There were speeches by outgoing President Ray Hair, President Kate Shindle of Equity and others. The rules of the convention were read. The rules include the proper way to be recognized to speak on the floor. This first meeting of the convention went from 11:00 to 5:30 with an hour lunch break.

About 15 minutes after adjournment, most of the committees met. 802’s Bud Burridge was assigned to the Organization and Legislation Committee and I was assigned to the Good and Welfare Committee. The meaning of this name escapes me, though I have heard Good and Welfare before. We were considering Recommendations that dealt with granting emeritus status to outgoing AFM officers, rules about presidential votes on the IEB and Resolutions about AFM membership for DJs, Hip-Hop and EDM artists and endorsing Medicare-for-all. President Hair made the committee assignments and ensured there were no two delegates from the same local on a committee. This encouraged delegates to get to know members of other locals.

After the committee meetings (some of which ran quite long), there were various receptions held by candidate slates for AFM office and by TEMPO, the political action committee (PAC) that lobbies Congress on behalf of the AFM.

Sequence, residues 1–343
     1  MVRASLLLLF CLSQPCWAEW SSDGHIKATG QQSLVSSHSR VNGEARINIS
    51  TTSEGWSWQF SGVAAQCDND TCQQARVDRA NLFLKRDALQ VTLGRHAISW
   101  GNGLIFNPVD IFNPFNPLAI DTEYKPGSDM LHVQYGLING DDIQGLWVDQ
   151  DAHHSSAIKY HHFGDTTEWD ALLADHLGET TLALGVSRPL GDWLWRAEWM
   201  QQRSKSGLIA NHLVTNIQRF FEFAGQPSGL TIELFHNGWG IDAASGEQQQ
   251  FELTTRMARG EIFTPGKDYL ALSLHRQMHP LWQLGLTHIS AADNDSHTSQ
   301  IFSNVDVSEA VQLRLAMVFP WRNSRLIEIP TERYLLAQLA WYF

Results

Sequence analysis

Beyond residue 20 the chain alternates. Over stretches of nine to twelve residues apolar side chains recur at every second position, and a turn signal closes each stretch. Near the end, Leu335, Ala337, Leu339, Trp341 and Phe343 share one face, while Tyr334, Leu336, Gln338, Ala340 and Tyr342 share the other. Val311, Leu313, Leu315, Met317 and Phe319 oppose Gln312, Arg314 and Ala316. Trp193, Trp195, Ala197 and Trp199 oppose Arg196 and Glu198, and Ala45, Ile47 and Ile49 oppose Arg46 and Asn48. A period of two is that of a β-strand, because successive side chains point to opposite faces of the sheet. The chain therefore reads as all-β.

June 27: As we entered the convention hall we were greeted by the sweet-sounding Las Vegas Chamber Players, a lush string orchestra. The first event was a moving memorial service honoring AFM members and staff and notable non-AFM musicians who passed away during the four years since the last convention in 2019.

After the service, there was a long session as committees reported out favorably or unfavorably the Resolutions and Recommendations that had been assigned to them. After the reports, motions were made. Some were passed immediately and unanimously by voice vote. Some motions had discussion and debate. Delegates stepped up to mics close by their chairs. President Hair would call out the mic number to recognize them and when recognized, they would give their names and local numbers and present their arguments.